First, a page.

The Smile of the Sea
By Sebastian Garren
Few novels are as esteemed, as widely taught, or as misunderstood as Moby-Dick.
Moby-Dick is one of the most referenced novels in the American corpus. If you know anything about what people claim is its central metaphor, it is that Captain Ahab wants to take revenge against God, whom he sees acting in the white whale for which the book is named. This is all wrong. This is not the central metaphor, and it is terrible bait upon which to lure a reader. I want to propose better one-line summary to our culture.
In the nineteenth century the novel reigned worldwide. And on the American continent one of the most celebrated is Herman Melville. Much of his writing is set at sea when sailing accounted for all important trade worldwide. Shipping, fishing, and the trade in whale oil (used in lamps and soap) meant there was worldwide demand for sailors. Herman Melville himself, desperate for work, responded to the demand and took to the sea. Typee and Omoo were adventure stories based on Melville’s travels in the South Pacific; in 1851, he published Moby-Dick.
Very few people read Moby-Dick; fewer still finish Moby-Dick. When people hear the title, they snicker or yawn. Who would have the gall to try and get pleasure out of something like that? The tome is met with close-eyed indifference by many a bibliophile and total terror by the unlettered. But when you, as one of the Elect of God, learn to read this book and swim about in it, you will find you have become a happier creature, for one reason above all: Moby-Dick is funny.
Not two pages go by without grandiose metaphor and rhetorical figures of the most bizarre, unpredictable sort. Melville nods and jokes and jests. This author draws preposterous morals out of everyday events, deploys biblical metaphor for the grossly anatomical, connects metaphysics to commercial enterprise, and elevates mundane emotions to the heights of English prosody. He switches genres and alters styles. Reading Moby-Dick is like holding on to the back of a frolicking, laughing, cackling dolphin.
If I am not mistaken the great Christian apologist C. S. Lewis’ had a line about Moby-Dick. “There are only two kinds of people in the end: those who say to Moby-Dick, “Thy will be done”, and those to whom Moby-Dick says, in the end, “Depart from me ye cursed ones.” All that are outside the novel, choose it. Without that self-selection there could be no illiterati, for no soul that seriously and constantly desires the joy of the novel will ever miss it. Those who seek find; to those who knock, it is opened.
That said, most people are not ready to read Moby-Dick. This is partly because most people are not ready to read a novel that is not, in fact, a novel. It hardly reads like a whaling adventure story; rather it is a set of rollicking linguistic gaffes undulating over dark poetic depths. You do not finish the sea. You may go down to it again and again, but never finish it.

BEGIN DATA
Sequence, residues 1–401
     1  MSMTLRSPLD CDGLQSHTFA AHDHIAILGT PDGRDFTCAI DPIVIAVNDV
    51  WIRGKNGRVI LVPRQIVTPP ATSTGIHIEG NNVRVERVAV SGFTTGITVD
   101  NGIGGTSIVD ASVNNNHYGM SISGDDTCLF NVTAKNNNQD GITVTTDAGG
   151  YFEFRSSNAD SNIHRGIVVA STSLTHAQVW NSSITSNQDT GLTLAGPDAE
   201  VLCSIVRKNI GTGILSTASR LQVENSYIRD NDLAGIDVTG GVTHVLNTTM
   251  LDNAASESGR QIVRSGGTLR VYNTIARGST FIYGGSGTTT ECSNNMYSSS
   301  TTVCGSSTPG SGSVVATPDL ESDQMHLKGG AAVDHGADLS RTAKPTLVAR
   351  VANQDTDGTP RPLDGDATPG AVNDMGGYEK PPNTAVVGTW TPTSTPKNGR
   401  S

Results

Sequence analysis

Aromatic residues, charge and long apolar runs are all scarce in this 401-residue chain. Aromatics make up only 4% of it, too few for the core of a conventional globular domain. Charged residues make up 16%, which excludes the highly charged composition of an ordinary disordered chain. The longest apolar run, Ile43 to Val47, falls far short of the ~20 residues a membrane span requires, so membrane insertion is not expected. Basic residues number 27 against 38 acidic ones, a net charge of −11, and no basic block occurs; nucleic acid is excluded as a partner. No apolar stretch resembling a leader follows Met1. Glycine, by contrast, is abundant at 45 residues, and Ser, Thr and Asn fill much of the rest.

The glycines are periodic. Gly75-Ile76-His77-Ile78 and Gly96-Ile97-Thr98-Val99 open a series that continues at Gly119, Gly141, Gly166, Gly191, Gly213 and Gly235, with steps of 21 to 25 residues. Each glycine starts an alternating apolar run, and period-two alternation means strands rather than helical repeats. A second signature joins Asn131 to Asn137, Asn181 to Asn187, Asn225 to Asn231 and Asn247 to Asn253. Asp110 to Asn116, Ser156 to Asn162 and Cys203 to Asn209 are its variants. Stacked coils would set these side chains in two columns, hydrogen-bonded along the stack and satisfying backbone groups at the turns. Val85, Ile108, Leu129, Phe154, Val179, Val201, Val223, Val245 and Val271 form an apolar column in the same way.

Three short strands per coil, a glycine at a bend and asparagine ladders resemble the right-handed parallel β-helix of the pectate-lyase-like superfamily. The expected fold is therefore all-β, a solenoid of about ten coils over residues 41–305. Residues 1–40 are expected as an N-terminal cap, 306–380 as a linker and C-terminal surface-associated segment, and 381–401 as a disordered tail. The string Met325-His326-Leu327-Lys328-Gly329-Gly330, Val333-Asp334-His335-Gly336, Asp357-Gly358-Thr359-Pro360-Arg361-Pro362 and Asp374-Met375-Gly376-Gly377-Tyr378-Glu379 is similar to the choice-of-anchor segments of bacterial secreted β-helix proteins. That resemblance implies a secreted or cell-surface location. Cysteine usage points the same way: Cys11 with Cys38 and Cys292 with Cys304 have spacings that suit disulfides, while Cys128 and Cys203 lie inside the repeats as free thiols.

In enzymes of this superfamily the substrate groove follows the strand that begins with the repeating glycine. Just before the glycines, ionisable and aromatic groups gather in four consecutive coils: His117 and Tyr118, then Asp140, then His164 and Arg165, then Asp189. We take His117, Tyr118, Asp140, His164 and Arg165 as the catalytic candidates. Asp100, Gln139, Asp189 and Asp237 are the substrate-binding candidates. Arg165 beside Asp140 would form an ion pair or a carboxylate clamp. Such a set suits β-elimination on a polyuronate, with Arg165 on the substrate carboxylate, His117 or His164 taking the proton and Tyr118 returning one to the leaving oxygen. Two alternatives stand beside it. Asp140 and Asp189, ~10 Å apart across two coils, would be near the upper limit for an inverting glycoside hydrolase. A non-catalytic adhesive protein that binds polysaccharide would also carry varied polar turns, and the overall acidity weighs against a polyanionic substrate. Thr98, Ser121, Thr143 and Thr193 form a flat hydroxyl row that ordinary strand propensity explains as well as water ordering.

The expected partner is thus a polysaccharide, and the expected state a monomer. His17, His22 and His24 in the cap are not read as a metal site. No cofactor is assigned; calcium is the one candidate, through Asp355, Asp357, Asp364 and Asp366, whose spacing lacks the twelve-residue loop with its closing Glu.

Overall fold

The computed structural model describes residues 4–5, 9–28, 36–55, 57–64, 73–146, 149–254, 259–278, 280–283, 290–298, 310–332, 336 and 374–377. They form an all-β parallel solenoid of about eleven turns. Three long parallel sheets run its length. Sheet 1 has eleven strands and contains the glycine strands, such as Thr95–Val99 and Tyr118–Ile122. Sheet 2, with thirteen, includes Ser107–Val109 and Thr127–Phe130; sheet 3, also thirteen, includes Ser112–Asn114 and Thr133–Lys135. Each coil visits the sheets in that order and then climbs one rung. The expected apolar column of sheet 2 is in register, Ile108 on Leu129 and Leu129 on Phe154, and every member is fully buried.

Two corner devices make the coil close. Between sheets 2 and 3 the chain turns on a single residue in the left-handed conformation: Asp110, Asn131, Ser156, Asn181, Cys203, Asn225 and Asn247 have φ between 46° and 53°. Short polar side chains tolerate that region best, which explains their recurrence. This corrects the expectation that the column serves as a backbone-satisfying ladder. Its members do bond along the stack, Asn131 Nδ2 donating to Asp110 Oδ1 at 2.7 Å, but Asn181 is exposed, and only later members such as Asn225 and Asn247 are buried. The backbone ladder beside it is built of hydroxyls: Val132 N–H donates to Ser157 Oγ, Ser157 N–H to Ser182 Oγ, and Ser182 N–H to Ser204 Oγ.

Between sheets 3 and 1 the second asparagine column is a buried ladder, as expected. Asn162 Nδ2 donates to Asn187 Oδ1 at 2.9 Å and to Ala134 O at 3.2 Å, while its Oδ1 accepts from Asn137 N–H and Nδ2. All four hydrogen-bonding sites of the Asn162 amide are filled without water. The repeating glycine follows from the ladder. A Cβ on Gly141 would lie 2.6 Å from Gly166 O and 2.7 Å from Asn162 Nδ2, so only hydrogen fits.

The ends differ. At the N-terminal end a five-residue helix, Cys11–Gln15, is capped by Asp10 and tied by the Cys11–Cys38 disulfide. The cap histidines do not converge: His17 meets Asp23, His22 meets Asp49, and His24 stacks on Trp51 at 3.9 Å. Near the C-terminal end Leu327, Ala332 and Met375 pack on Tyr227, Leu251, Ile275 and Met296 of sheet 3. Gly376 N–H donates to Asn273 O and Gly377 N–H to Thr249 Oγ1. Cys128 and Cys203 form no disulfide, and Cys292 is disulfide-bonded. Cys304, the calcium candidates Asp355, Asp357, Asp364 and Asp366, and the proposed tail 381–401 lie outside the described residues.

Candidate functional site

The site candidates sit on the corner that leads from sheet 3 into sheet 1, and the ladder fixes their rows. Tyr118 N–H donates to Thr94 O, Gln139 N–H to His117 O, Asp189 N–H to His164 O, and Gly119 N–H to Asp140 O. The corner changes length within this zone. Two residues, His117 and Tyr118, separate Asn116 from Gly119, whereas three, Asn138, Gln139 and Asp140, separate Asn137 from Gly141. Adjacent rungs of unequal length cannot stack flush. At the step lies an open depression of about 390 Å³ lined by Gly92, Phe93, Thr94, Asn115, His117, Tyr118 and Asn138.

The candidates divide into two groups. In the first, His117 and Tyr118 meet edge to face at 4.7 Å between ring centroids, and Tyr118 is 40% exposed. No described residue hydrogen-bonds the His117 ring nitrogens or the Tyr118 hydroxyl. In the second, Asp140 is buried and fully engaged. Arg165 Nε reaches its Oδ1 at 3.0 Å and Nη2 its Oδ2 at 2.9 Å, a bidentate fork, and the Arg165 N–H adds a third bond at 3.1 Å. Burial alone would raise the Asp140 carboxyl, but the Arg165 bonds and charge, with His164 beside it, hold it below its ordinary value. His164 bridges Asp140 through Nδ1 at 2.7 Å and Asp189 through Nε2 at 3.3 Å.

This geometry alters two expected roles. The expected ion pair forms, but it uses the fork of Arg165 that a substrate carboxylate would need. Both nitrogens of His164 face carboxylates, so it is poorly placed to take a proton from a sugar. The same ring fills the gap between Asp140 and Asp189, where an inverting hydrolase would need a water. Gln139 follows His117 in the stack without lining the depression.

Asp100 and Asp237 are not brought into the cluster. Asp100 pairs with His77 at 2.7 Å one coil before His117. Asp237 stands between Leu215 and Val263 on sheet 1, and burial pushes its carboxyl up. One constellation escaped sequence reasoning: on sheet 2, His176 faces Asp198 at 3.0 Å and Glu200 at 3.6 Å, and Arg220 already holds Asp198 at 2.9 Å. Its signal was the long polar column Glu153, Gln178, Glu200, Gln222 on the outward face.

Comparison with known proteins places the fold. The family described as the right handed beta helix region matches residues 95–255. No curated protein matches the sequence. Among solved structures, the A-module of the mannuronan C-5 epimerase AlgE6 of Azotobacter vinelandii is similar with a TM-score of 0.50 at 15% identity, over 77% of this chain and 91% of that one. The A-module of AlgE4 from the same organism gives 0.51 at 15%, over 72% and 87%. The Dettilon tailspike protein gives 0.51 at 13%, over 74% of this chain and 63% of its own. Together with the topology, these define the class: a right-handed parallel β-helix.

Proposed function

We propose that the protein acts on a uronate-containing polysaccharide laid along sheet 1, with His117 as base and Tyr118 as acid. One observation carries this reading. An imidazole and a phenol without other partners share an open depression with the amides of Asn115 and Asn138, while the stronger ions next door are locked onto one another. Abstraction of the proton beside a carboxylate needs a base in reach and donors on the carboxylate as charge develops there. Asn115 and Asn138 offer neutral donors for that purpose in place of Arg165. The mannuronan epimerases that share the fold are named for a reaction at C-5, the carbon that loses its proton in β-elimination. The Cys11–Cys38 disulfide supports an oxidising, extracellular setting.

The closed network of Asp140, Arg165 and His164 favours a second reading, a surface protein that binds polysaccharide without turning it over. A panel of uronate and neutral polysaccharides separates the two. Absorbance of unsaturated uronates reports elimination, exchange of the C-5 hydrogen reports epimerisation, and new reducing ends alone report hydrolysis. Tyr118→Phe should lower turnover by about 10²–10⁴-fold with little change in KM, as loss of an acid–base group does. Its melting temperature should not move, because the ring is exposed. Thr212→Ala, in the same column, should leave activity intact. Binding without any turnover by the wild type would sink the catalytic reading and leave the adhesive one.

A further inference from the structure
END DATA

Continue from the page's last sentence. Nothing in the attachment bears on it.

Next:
Experience taught me these truths. I read the first chapter of the novel around ten times before reading a page more. Was I bored? Was I afraid of the length? No, neither: I sat on the shores of the novel, sipping the playful, bubbly spirit of the language. I was simply building literacy and tolerance and appreciation for a new type of art.
The secret to unlocking the novel is not to read it for its spiritual metaphors, or its maritime adventures, or its historical significance, or even for bragging rights. The secret is to enjoy the experience of its narration—a pushy, aggressive, adversarial, and playful guide to a set of characters, metaphors, and nautical nonsense. Next time someone asks you what Moby-Dick is about, tell them it is about the struggles of an aggressive, salty, and humorous narrator to stick to a genre and tell a story, and that this is a profound metaphor for life. This is all right.
Sebastian Garren is the Founder of St. John Paul II South Campus in St. Louis, MO, and serves as its High School Dean. He promotes hybrid model schools, classical education, and progress studies. He also engages in forecasting tournaments, poetry readings, and Chicago ball. He even responds to emails.
Every week, we publish a profile of one of the figures from the CLT author bank. For an introduction to classic authors, see our guest post from Keith Nix, founder of the Veritas School in Richmond, VA.
If you enjoyed this piece, check out some of our other author profiles here at the Journal, on figures from Euripides and Cicero to Francis Bacon and Blaise Pascal. You might also enjoy our podcast, Anchored, or our ongoing seminar series on the men and women of the Great Conversation.
Published on 21st November, 2020. Page image of an illustration from an 1892 edition of the novel, drawn by Augustus Burnham Shute.